First Presbyterian Church of Blackwood
21 E. Church Street
Blackwood, NJ 08012
Sermon Notes (Pentecost Sunday, June 05, 2022)
Rev. Dr. Mouris A. Yousef, Pastor
“When the Day of Pentecost Came!”
Joel 2:28-29; Acts 2:1-13
It was a warm spring day in Jerusalem. It’s about 9:00 am Jerusalem time. Everyone was excited about Shavuot – the Feast of Weeks (Deuteronomy 16:10; also known as the Feast of Harvest (Exodus 23:16). Later on, among the Jews that spoke Greek, the feast became known as penetkoste, which in Greek means “fiftieth.” The Feast commemorates the giving of the Ten Commandments on Mount Sinai. From Passover to the giving of the Ten Commandments — exactly 7 weeks, 50 days. Many Jews from all over the Mediterranean and beyond, would make the trip to Jerusalem to celebrate the Feast of Harvest or penetkoste.
Though it seemed a very normal and typical celebration day in Jerusalem, it turned out to be an awesome one. The world didn’t know what the Lord had in store for His people. On Pentecost, God did something surprising, something these Jewish pilgrims could not have expected. On the day of Pentecost, the Lord fulfilled His promise by giving the Holy Spirit to the Church. So when the wind blew, when the Holy Spirit descended, when the fire lit over the heads of the 120, when those gathered in Jerusalem heard the disciples speaking their languages, miraculously empowered by God, the crowds were amazed.
Today is Pentecost Sunday; a day that the church around the world sets aside to remember the giving of the gift of the Holy Spirit and the birth of the Church. Pentecost was a turning point to the early Church and it’s foundational for our faith today. As we think about the day of Pentecost, please allow me to underscore two lessons:
First: We Do Need the Holy Spirit
It’s been 10 days since Christ was taken up to heaven. It must’ve felt awful without having Jesus around. The disciples’ only comfort during this time of waiting was a promise that Jesus gave them. “If I go, I will send the Advocate to you”, says Jesus in John 16:7. This is not going to be a visit of God’s Spirit, it’s a dwelling. The Old Testament saints longed for this day.
On Pentecost, God poured out His Spirit upon His people. His generosity in Christ was shown to everyone. That what the Prophet Joel foretold a few hundred years before Christ. Joel 2:28-29, states, “After that, I will pour out my spirit upon everyone; your sons and daughters will prophesy, your old men will dream dreams, and your young men will see visions. Even on the male and female slaves, in those days I will pour out my spirit.” In Acts 2:17, Peter quoted these words saying that they had been fulfilled today.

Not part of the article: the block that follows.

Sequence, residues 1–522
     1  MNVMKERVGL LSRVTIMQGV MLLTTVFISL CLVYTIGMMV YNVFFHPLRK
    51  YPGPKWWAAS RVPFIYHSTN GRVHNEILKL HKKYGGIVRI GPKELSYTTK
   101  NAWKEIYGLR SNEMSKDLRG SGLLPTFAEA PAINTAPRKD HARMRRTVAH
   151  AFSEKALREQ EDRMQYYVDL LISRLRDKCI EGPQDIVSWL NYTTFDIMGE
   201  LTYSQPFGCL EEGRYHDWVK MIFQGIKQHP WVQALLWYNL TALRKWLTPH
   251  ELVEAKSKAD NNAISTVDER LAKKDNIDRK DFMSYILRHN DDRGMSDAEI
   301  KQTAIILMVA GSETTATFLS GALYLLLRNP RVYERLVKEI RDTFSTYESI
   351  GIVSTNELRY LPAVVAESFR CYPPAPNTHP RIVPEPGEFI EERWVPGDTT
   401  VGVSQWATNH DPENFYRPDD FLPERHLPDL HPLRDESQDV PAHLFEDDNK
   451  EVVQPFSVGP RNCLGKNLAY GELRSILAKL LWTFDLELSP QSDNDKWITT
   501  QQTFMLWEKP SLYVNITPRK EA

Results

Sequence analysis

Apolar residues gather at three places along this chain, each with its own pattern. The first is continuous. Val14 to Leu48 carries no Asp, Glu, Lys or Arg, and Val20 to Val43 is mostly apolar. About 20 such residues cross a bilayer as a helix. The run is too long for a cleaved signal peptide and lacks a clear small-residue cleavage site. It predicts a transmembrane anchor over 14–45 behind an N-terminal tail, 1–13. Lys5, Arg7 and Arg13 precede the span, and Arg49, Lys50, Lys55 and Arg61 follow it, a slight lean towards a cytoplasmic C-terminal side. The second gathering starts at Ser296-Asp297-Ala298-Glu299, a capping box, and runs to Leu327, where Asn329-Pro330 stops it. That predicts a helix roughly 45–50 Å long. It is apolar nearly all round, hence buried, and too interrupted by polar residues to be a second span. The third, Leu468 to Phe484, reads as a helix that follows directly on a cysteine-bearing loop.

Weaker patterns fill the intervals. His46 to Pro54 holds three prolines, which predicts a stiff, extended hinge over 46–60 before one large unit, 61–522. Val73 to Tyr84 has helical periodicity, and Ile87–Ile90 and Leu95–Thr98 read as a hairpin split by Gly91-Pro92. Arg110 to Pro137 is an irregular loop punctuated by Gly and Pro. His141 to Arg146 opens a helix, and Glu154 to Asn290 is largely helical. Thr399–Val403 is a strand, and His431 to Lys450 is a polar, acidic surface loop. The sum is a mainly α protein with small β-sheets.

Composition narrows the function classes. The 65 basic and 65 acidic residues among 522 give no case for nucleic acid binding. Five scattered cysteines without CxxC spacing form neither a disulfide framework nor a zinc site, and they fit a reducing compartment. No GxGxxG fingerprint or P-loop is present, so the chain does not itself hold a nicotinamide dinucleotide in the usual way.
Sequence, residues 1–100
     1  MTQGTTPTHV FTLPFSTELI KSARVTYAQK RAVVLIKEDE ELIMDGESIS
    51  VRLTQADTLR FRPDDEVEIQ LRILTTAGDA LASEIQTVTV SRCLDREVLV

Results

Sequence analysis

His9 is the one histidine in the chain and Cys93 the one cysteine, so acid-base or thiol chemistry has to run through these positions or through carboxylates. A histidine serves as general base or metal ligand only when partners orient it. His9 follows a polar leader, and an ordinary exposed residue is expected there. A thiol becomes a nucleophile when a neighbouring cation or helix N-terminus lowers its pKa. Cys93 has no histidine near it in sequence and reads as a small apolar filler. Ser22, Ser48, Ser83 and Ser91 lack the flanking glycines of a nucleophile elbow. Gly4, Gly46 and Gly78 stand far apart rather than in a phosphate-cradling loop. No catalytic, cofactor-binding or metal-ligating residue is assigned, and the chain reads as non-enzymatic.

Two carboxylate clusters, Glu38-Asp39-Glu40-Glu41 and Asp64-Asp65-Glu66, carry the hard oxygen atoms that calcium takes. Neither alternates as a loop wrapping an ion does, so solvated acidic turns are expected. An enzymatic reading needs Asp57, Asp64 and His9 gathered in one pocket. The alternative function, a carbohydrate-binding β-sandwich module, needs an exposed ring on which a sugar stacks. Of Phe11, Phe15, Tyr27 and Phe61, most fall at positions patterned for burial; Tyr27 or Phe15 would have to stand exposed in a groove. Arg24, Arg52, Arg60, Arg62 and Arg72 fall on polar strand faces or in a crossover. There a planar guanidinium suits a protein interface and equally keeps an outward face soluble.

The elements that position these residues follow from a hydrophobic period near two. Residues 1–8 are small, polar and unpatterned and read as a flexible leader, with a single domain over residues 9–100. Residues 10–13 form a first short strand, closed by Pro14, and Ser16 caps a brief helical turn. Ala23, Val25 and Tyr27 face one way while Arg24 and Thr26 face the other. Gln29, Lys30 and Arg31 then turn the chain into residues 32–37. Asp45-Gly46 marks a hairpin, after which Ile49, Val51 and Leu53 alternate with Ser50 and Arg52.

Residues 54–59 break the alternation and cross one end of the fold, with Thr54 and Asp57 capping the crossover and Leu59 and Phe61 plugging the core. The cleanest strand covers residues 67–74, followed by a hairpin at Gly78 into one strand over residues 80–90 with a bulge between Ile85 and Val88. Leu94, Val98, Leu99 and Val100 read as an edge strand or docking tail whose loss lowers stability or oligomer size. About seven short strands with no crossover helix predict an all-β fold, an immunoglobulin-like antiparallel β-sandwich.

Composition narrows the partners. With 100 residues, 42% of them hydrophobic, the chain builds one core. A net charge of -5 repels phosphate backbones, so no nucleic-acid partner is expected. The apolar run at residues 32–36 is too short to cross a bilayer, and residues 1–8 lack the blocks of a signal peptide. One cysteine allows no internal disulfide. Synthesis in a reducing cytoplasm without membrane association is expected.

The first lesson we need to remember on this Pentecost Sunday is that we really do need the Holy Spirit. We need the companionship of God in this journey we call life. Jesus knew that following Him in the world is not easy. There is no way we can manage life on our own. One of my favorite African American Spirituals is “Give Me Jesus!” The earliest known version of “Give Me Jesus” was published in 1845 by the Rev. Jacob Knapp, a Baptist minister from New York. It goes like this: (1) “In the morning, when I rise … Give me Jesus. Give me Jesus … You can have all this world … But give me Jesus. (2) And when I am alone … Oh, and when I am alone … Give me Jesus … You can have all this world … But give me Jesus. (3) And when I come to die … Oh, and when I come to die. Give me Jesus … You can have all this world … But give me Jesus.” God’s presence is what we need the most.
Second: We Do Need Each Other
But there is a second lesson we are reminded of on this Pentecost Sunday. Not only do we really need the Holy Spirit, but we also need each other; we need this community of believers. It should strike us that Jesus could have sent the Holy Spirit on each of the 120 followers individually when they were praying at their own homes. Instead, the Holy Spirit fell when the disciples were in the Upper Room praying together. There is something indescribable about being together.
What is striking about Acts chapter 2 is that it begins with togetherness, and it ends with togetherness. Acts 2:42 speaks of shared teaching, shared meals, shared prayers, even shared possessions. The Holy Spirit united their hearts in singleness of purpose and mission. Simply put, we cannot accomplish individually the mission God that God has given us.
A few weeks ago, I pointed out that community is at the heart of Jesus movement and we should make it our priority to unite ourselves with the Body of Christ. I have always said that faith is a journey and it’s not meant to be traveled alone. Community is extremely important. We get fed in this community. We are protected in this community. We are safer in this community. We reach our potential in the church community. We love and we are loved in this community. We exercise our spiritual gifts in this community. We get blessed and we become a blessing to others in this community.
Friends, we are reminded on this Pentecost Sunday of two amazing, uplifting, and transformative truth. First, we need the dwelling and the fellowship of the Holy Spirit. Don’t face your Goliath alone. You will not stand the battle. Let God be your refuge and strength. Second, we need each other. We need this body of believers. We journey together. We follow together. We rejoice together and we cry together. On these two important foundations, rise or fall our witness in the world. In the Name of the Father, of the Son, and of the Holy Spirit. Amen!
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